Graphite-Epoxy Violin by Carleen Hutchins,
Montclair, New Jersey, 1974, in Collaboration with
Daniel W. Haines, University of South Carolina, Columbia
NMM 10182. Violin by Carleen Hutchins, Montclair, New Jersey, Daniel W. Haines, Columbia, South Carolina, and Hercules Materials Company, Inc. (Allegheny Ballistics Laboratory), Cumberland, Maryland, 1974. A graphite-epoxy composite top applied to this prototype was determined to be a successful alternative to the traditional use of spruce for the violin belly. Gift of Carleen Maley Hutchins, Montclair, 2002.
A 1971-1974 grant from the National Science Foundation enabled Daniel W. Haines, University of South Carolina engineering professor, and his student Nagyoung Chang, to research and develop a synthetic substitute for the traditional spruce used in violin and guitar manufacture. After much experimentation, Haines and Chang found that they could create a suitable graphite/epoxy "sandwich" by layering a fiberboard material between two layers of a graphite/epoxy flat tape with parallel fibers manufactured by Hercules, Inc., Columbia, South Carolina. Carleen Hutchins, and Donald A. Thompson of C. F. Martin Guitars, were subsequently invited to join the experiment in which both a violin and a guitar fitted with graphite/epoxy bellies were produced.
Hutchins provided the researchers with one of her Stradivari-model violins for the experiment. According to Paul Laird's account of the process, "Hercules, Inc. formed the composite violin plate in a 350 degrees Fahrenheit oven over a solid metal violin top mold with a low arch similar to that used by Antonio Stradivari. The composite plate possessed a clear tap tone, necessary for a fine violin top, and an analysis of its modal characteristics proved similar to a fine spruce violin plate. Hutchins cut F-holes in the soundboard and attached a spruce bass bar with an epoxy glue that Morton Hutchins spent two months developing. Subjective tests of the instrument indicated that it has a lovely, dark tone with a dominance of the lower partials, perhaps because the composite material has a rather high along-the-grain damping quality. The violin also has a uniform response throughout its range and speaks well."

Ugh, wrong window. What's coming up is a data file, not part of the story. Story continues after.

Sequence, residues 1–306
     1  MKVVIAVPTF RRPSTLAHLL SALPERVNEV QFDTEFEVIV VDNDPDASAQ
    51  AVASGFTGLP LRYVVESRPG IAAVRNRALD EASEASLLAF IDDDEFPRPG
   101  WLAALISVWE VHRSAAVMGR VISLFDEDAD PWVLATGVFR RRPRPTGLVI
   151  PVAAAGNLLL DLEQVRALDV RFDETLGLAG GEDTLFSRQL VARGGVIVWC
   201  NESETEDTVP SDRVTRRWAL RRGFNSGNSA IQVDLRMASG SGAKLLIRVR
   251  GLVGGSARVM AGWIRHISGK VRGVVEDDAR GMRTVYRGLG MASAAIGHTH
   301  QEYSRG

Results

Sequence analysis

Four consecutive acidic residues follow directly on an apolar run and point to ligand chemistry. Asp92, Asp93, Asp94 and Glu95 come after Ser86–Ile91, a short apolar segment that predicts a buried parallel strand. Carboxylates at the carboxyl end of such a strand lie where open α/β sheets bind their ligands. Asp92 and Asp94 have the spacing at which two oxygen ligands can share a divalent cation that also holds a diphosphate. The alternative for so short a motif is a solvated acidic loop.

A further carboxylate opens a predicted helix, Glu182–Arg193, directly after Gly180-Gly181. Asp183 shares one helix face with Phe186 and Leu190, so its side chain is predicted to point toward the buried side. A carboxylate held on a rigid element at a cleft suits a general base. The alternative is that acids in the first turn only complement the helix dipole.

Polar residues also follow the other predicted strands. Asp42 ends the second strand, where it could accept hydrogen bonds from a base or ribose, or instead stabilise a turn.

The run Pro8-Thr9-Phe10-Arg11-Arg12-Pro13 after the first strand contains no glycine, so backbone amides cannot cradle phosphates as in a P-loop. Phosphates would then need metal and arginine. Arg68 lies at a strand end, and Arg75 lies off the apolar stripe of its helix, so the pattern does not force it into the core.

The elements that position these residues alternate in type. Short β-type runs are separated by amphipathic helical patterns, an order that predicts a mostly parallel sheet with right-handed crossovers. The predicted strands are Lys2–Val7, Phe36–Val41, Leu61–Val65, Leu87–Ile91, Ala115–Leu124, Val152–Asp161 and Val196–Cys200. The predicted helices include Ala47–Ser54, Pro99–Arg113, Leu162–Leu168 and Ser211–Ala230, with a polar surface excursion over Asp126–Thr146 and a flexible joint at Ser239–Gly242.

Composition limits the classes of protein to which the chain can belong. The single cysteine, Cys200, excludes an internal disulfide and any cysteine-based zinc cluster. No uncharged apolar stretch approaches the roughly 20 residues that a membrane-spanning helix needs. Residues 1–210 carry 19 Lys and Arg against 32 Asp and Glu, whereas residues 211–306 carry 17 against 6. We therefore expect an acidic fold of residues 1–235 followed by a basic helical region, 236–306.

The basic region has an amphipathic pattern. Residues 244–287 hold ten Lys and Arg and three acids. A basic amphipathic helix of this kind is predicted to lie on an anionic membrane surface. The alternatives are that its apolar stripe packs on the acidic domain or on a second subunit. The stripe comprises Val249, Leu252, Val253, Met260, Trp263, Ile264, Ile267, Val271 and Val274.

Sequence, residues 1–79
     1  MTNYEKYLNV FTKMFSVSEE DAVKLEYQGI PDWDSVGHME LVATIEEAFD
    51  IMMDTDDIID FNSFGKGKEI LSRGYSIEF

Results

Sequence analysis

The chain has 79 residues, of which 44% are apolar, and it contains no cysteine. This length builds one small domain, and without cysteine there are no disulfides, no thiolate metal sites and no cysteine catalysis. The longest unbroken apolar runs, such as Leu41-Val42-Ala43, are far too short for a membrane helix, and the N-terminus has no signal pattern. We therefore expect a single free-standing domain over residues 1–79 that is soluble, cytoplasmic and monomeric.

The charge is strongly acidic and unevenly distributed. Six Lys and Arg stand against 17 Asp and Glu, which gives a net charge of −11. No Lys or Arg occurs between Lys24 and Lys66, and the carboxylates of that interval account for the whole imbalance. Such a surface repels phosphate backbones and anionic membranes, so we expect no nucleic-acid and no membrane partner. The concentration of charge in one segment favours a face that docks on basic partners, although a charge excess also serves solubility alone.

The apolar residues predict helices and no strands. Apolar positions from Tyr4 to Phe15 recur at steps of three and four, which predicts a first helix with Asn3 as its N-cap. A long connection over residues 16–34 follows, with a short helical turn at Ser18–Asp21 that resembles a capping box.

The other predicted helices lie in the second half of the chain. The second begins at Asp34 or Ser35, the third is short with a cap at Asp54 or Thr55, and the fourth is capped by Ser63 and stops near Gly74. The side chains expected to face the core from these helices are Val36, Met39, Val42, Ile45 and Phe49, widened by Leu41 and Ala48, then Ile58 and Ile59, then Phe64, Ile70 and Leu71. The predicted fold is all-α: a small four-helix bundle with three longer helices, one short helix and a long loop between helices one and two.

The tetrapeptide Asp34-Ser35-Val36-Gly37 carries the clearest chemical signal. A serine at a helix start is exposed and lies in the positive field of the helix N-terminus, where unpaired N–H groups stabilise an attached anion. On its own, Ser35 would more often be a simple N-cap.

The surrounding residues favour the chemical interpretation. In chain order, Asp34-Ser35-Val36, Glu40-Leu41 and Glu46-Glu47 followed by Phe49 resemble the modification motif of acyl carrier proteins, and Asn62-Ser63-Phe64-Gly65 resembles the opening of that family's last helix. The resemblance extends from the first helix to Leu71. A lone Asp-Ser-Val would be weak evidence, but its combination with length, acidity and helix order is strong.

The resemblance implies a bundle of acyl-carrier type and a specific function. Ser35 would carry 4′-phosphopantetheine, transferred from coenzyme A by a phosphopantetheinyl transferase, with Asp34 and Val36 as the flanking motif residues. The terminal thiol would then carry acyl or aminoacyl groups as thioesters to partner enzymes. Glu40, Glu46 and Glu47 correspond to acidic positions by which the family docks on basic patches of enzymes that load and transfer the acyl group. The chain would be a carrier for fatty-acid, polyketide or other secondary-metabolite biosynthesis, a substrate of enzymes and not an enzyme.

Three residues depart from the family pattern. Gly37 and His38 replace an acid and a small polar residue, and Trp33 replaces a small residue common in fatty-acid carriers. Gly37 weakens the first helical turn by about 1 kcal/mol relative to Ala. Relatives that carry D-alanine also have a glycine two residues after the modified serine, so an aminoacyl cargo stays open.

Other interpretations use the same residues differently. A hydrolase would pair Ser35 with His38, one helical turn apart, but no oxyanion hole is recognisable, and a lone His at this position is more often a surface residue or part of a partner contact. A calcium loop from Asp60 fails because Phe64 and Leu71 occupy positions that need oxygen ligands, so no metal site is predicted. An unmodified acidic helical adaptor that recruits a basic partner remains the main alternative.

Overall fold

According to Laird, "as favorable as both the guitar and the violin were judged following scientific and playing tests, the graphite/epoxy composite proved to be quite difficult on the skin of those working with it, and the project ceased after building the prototypes. A further problem occurred when a competing firm beat the [University of South Carolina] research team in securing a patent." Nevertheless, the application of graphite/epoxy materials in the manufacture of guitars has become commonplace, while several contemporary violin makers continue to experiment with its use.
Three views of the pegbox and scroll of Hutchins' graphite-epoxy violin.
For additional information about this violin, see:
Haines, Daniel W., and Nagyoung Chang, "Application of Graphite Composites in Musical Instruments," Catgut Acoustical Society Newsletter, No. 23 (May 1975), pp. 13-15.
Haines, Daniel W., Carleen M. Hutchins, Morton A. Hutchins, and Donald A. Thompson, "A Violin and a Guitar with Graphite-Epoxy Composite Soundboards," Catgut Acoustical Society Newsletter, No. 24 (November 1975), pp. 25-28.
Hutchins, Carleen M., and Virginia Benade, eds., Research Papers in Violin Acoustics: 1975-1993. (Woodbury, New York: Acoustical Society of America, 1997).
Paul Laird, "Carleen Maley Hutchins: Other Research and Collaborations," Ars Musica Denver, Vol. 6, No. 1 (Fall 1993).
Go to description of The Carleen Hutchins Collection and Archive at the National Music Museum.
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